BMJ instructs lawyers to “defend the claim vigorously” against Andrew Wakefield’s lawsuit

6 Jan

The British Medical Journal (BMJ) has issued a press release (below) about the lawsuit initiated by Andrew Wakefield claiming defamation arising from a series of articles published last year. The BMJ and Mr. Deer stand by their articles and statements and have instructed their attorneys to “defend the claim vigorously”.

Although not formally served with the legal papers, the BMJ is on notice that Andrew Wakefield has issued defamation proceedings, not in London as might be ordinarily expected as concerns a predominately English publication, but in Texas, USA, where he now lives. The proceedings primarily relate to an article written by Brian Deer and published a year ago on 5 January 2011, entitled Secrets of the MMR Scare: How the Case Against the MMR Vaccine was Fixed, and an accompanying editorial which related to Mr Wakefield’s now infamous Lancet Paper on MMR.

Of course, following the findings of the British General Medical Council’s Fitness to Practice Panel and Mr Wakefield’s history of pursuing unfounded litigation, any action brought against the BMJ and Mr Deer in London would have been immediately vulnerable to being struck out as an abuse of process.

Despite the findings of the GMC’s Fitness to Practice Panel and his co-authors having publicly retracted the causation interpretation put forward by the Lancet Paper, it would appear from the Claim filed at court that Mr Wakefield still stands by the accuracy of the Lancet paper and his conclusion therein, thereby compounding his previously found misconduct. While we await formal service, unsurprisingly the BMJ and Mr Deer standby the material published in the BMJ and their other statements and confirm that they have instructed lawyers to defend the claim vigorously.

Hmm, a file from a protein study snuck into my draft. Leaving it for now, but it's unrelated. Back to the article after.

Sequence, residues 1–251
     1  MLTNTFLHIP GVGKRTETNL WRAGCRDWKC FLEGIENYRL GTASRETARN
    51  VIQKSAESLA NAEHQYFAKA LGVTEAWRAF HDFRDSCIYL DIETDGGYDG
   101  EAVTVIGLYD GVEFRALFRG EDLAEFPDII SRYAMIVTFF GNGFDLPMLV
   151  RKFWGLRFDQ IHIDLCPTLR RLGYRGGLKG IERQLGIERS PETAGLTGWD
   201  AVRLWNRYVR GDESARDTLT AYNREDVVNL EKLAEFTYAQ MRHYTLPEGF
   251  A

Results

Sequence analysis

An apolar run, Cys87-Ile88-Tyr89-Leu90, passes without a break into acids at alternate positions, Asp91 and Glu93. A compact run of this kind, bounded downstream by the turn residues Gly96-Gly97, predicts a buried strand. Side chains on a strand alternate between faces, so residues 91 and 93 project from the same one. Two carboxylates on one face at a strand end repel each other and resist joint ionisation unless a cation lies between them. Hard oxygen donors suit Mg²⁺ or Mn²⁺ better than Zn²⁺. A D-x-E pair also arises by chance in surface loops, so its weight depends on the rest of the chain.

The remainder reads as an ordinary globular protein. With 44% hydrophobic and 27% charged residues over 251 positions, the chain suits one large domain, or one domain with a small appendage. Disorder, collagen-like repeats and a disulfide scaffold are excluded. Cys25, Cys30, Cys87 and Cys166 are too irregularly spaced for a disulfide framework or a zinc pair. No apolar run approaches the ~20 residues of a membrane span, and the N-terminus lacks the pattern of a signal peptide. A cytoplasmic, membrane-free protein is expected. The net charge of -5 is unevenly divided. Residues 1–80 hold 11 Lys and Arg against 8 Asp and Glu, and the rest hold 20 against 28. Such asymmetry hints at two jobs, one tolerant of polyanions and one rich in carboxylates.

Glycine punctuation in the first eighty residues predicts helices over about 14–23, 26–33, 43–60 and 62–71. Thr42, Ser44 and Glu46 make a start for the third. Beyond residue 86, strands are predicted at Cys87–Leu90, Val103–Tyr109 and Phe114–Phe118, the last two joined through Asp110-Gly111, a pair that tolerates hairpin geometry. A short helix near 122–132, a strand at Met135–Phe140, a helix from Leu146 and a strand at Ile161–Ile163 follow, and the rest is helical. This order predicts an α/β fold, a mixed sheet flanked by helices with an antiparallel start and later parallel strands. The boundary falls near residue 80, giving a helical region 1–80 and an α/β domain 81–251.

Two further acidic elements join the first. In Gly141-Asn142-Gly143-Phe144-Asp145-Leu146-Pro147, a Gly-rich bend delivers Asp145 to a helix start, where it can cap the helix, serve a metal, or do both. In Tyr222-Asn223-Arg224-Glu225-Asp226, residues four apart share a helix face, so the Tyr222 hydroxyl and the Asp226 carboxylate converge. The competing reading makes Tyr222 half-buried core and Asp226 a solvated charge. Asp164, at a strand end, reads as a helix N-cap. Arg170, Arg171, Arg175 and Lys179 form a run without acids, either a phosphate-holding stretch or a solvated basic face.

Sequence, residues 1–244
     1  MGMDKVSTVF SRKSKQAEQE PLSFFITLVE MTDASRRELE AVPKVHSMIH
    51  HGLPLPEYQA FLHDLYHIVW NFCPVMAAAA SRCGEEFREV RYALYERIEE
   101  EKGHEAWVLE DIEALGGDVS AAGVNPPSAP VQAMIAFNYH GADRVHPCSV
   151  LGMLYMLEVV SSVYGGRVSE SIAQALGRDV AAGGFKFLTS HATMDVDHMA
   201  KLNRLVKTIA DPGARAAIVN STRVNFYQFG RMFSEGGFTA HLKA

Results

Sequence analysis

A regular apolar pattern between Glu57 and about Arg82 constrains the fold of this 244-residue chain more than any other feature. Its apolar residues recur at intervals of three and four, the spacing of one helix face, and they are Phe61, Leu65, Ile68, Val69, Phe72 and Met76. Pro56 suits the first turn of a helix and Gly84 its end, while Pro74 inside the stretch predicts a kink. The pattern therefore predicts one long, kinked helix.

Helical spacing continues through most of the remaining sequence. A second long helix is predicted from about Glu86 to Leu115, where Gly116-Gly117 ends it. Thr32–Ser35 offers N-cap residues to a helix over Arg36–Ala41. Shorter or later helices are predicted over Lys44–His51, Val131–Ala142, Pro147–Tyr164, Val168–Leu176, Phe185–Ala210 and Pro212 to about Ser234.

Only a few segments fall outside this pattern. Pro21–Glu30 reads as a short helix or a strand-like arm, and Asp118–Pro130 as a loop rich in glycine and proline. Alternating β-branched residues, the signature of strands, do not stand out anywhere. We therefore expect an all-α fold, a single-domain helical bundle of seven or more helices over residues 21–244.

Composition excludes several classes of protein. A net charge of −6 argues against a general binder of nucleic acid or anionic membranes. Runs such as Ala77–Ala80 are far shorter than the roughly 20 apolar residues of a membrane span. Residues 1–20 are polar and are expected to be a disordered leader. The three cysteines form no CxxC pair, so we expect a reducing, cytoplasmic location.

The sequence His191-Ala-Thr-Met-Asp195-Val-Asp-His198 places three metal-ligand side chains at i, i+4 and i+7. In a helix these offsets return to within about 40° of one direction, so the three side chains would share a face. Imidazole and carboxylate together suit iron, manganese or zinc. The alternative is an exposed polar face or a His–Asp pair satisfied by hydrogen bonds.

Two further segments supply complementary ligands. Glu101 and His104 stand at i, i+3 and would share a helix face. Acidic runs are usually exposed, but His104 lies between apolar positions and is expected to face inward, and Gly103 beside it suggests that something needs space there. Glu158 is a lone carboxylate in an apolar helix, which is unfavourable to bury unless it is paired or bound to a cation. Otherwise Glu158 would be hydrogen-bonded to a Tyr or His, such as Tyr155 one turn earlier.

1. The Lancet Paper was published on 23 February 1998 entitled “Ileal-lymphoid-nodular hyperplasia, non-specific colitis, and pervasive developmental disorder in children”. Its claims of a temporal association between MMR vaccine and autism were retracted by the authors (excluding Mr Wakefield) on 6 March 2004, following the first findings from Brian Deer’s investigation for The Sunday Times. The paper was retracted in its entirety by the Lancet on 2 February 2010, with the Lancet noting that elements of the paper “have been proven to be false” during hearings of a General Medical Council fitness to practise panel.

2. Following a 217-day investigation by the GMC’s panel, on 24 May 2010, the panel found Mr Wakefield guilty of serious professional misconduct. It found that Mr Wakefield “had a clear and compelling duty to ensure that the factual information contained in the [Lancet] paper was true and accurate and he failed in this duty”. The Panel also found that Mr Wakefield was intentionally dishonest and misleading in describing the patient population, and that he had been dishonest when questioned about it later. Similarly, the panel stated that “the description of the referral process was irresponsible, misleading, and in breach of [Mr] Wakefield s duty as a senior author”. The Determination also set out how Mr Wakefield compounded his misconduct by failing to correct the content of the paper.

3. As a result of Mr Wakefield’s “persistent lack of insight” into his behaviour, the GMC determined that his name should be erased from the medical register.

4. Mr Wakefield adduced no evidence in mitigation and made no arguments or pleas in mitigation in front of the Fitness to Practice panel. He did not appeal its decision and has not attempted to replicate the Lancet paper’s findings in order to attempt to vindicate his position.